Market demand and consumer needs are evolving dynamics where product, price, place and promotion are a balancing act that requires strategic relationships to adapt quickly to demographics and market conditions.
A brief review of the Saint Lucian marketplace will disclose that the globally minded shopper and their buying preference are shifting. The new generation of professionals, offshore day shoppers and the growing high-end travelers are moving away from the mass market products to more premium quality and personalized products.
Neal & Massey Group’s product intelligence and research may have captured that evolution in time to create new market opportunities, and thus revolutionize consumer habits to influence the marketplace.
Trinidad and Tobago companies are making their mark in the Saint Lucian marketplace with business enterprise in construction and engineering, theatre, restaurants, water resources, including their stake in the Bank of Saint Lucia or, in the local vernacular, Bank of Saint Lucia for Trinidad.
Therefore, it is worthy of inquiry what is the bigger strategy that influenced the handover of a lucrative ‘monopoly’ of local ownership to a Trinidadian conglomerate?
What is the value of that transaction? And what are the terms, conditions and clauses of that transaction?
Not knowing that for now, observers are left to speculate based on the political economic structure of Saint Lucia, and the power moves in the political sphere, as to whether this is a strategic move to distance the economic power from the political power play. Such that this would provide a buffer to re-emerge, in more lucrative investments in public private partnerships (PPP), infrastructure development, transportation, storage and warehousing.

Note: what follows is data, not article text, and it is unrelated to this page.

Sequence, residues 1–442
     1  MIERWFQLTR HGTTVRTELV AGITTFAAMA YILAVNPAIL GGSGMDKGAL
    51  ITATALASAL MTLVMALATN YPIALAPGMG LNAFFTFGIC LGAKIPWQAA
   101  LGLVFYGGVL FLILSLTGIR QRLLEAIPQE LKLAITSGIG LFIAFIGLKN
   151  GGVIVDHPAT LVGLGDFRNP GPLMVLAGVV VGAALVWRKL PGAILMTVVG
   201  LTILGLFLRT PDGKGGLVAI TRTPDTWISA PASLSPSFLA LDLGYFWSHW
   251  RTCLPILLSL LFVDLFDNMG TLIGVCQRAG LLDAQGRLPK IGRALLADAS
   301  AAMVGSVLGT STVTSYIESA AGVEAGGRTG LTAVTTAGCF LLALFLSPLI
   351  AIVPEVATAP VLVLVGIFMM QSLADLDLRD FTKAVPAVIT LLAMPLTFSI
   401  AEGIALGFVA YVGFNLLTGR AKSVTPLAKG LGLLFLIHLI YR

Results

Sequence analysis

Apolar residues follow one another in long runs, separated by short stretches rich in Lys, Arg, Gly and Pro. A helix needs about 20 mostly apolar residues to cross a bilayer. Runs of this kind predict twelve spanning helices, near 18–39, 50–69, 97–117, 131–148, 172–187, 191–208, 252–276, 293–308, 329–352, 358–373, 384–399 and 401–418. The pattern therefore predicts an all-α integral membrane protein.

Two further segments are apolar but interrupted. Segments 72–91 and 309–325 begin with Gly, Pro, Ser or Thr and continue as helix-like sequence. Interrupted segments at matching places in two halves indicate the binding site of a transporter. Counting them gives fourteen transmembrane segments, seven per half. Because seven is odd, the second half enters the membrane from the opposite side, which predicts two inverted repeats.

Or, is it a scenario and opportunity for better breathing room to refocus and to make timely and strategic moves in anticipation of a wider lucrative real estate bonanza deal down the road.
Nothing wrong with that, it’s business!
But I hesitate to add that eventually the blame game may be close at hand, and that could be disadvantageous to the people, where time after time external forces continue to control the economic future of Saint Lucians.
Indeed, bad decisions continue to lead the people of Saint Lucia astray. And that is not right!
However, it is best that the wise and prudent not fall for abstract nuisance and intangible explanations. Experience tells me that something is missing. Perhaps, the next move has already been eyeballed. Patience is a virtue.
In the meantime, Saint Lucia’s minister of finance will have to use his influence and affectionate relationship with Trinidad and Tobago to help reduce the price of food and energy, and to sign onto a mutual trading agreement.
The common reality is that the Neal & Massy Group purchase may have saved CFL for the second coming. Oh, what a tangled web that Saint Lucians are caught in!